You’re at a restaurant, and a guy at the next table is having a severe allergic reaction to something he ate. His lips are swollen, his face is covered in a red rash, and he’s wheezing. He collapses to the floor. Everyone stares, not knowing what to do. Do you?
63% of Canadians wouldn’t know what to do if someone was having an anaphylactic reaction. Learn how you could save a life #TeamAllerject TweetCNW – May 5, 2015 – Anaphylaxis is a serious allergic reaction which can be life-threatening and requires immediate help.1 Yet according to a new Ipsos Reid survey, almost two-thirds of Canadians (63%) say they wouldn’t know exactly what to do in this situation.
The survey also found that:
- Half (50%) of Canadians feel they would be unable to recognize the symptoms of anaphylaxis.
- A similar percentage (51%) say they are unfamiliar with epinephrine auto-injectors (a device used to treat a serious allergic reaction) and wouldn’t know how to use one.
- Four in ten (39%) say they’d be terrified of injecting someone with an auto-injector incorrectly and hurting or harming the individual.
So is this something all of us should be concerned about?
Because so many people are allergic today (about 2.5 million Canadians self-report a food allergy2), it’s very possible you could find yourself faced with such an emergency.
In response, a team of young adults who live with food allergies has been mobilized to help educate the public. They will be in major centres across Canada during the week of May 4-8.
Dylan Brennan, one of the Team Allerject™ members, is allergic to peanuts and tree nuts. “We’ll be providing tips and advice, and demonstrating the steps to take in an allergy emergency,” he notes. “I’m excited to be part of this important education program because it may save lives.”
The national initiative is being supported by Allerject™, the ‘talking’ epinephrine auto-injector, and is being launched to coincide with Food Allergy Awareness Month this May.
Team Allerject members will be doing media interviews and guest appearances in six locations across Canada – Vancouver, Calgary, Winnipeg, Toronto, Montreal and Halifax. They will be discussing how to recognize the symptoms of a serious allergic reaction, explaining the emergency steps to take to treat a reaction, and demonstrating the proper use of an auto-injector.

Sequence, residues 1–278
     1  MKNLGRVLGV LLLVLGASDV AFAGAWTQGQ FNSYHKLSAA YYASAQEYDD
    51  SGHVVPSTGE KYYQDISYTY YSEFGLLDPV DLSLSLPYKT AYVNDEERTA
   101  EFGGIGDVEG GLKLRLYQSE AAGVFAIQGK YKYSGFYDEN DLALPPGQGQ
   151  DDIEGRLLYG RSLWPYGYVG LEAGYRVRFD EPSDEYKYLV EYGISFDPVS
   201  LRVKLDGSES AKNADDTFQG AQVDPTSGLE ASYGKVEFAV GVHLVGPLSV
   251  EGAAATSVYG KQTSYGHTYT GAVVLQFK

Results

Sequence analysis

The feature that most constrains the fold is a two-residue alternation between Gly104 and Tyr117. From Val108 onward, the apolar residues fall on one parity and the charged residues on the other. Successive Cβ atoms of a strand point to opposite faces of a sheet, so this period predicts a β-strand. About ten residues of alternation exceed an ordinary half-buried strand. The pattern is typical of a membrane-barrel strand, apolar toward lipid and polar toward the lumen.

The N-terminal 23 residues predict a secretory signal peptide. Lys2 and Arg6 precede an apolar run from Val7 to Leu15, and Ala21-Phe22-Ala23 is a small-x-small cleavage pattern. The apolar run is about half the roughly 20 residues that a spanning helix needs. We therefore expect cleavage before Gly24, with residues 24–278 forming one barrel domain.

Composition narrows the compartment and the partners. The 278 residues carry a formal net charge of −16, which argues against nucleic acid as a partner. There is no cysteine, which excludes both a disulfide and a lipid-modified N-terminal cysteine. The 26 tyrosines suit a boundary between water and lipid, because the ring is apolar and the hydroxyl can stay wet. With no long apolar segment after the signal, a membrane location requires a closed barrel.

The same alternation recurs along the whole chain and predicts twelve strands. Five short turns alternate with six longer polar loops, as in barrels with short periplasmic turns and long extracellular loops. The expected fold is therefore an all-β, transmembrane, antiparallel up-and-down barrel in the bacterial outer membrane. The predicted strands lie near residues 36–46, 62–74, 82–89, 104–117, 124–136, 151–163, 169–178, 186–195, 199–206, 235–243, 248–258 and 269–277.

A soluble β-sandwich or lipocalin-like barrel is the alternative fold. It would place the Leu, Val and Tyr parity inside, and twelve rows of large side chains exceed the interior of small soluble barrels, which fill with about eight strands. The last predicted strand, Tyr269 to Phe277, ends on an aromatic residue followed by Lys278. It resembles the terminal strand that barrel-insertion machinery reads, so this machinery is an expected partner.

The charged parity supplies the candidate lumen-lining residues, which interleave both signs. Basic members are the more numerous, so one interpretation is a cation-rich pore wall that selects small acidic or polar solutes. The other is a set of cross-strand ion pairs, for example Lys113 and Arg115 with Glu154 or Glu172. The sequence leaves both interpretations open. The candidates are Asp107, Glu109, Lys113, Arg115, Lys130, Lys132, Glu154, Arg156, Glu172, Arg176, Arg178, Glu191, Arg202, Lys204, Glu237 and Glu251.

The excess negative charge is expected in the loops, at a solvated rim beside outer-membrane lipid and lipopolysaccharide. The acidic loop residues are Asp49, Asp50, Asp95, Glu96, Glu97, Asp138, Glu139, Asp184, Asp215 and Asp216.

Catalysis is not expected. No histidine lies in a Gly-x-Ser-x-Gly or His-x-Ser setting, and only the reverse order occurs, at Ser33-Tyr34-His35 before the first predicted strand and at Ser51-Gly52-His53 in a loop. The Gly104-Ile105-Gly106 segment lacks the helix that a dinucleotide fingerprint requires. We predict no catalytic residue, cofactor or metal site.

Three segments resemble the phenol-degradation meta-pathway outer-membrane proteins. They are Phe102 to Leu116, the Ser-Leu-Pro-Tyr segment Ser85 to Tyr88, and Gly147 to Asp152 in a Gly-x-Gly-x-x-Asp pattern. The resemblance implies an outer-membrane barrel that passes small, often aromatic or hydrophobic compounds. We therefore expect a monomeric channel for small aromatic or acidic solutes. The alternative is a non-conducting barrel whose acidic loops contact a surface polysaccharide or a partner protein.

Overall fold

“It’s great to see young people engage the community in public awareness about anaphylaxis. Knowing what to do in case of an emergency can help save a life,” says Beatrice Povolo, Director of Marketing and Communications with Anaphylaxis Canada.
As well, the public will be able to access information and download resources at www.allerject.ca.
The Ipsos Reid survey, commissioned by Allerject, is considered accurate to within +/ - 3.5 percentage points, 19 times out of 20. Allerject is distributed by Sanofi Canada. To learn more, visit www.allerject.ca.
Sanofi, a global healthcare leader, discovers, develops and distributes therapeutic solutions focused on patients’ needs. Sanofi has core strengths in the field of healthcare with seven growth platforms: diabetes solutions, human vaccines, innovative drugs, consumer healthcare, emerging markets, animal health and the new Genzyme. Sanofi is listed in Paris (EURONEXT: SAN) and in New York (NYSE: SNY).
Sanofi entities in Canada include Sanofi Canada (pharmaceuticals), Sanofi Pasteur (vaccines), Sanofi Consumer Health (cosmeceuticals, over-the-counter products and specialty care), Genzyme (rare diseases) and Merial (animal health). Together they employ close to 1,700 people across the country. In 2013 Sanofi companies invested $129.1 million in R&D in Canada, creating jobs, business and opportunity throughout the country.
To arrange an interview with a member of Team Allerject, please contact:
1 Anaphylaxis in Schools & Other Settings, 3rd Edition, Canadian Society of Allergy and Clinical Immunology.